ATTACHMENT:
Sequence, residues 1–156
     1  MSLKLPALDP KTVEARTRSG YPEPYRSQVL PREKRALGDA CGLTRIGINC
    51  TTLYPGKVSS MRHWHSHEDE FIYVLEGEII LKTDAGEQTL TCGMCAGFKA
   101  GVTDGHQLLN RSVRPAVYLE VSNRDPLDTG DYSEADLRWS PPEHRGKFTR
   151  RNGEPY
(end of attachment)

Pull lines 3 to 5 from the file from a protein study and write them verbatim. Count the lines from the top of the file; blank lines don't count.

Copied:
    51  TTLYPGKVSS MRHWHSHEDE FIYVLEGEII LKTDAGEQTL TCGMCAGFKA
   101  GVTDGHQLLN RSVRPAVYLE VSNRDPLDTG DYSEADLRWS PPEHRGKFTR
   151  RNGEPY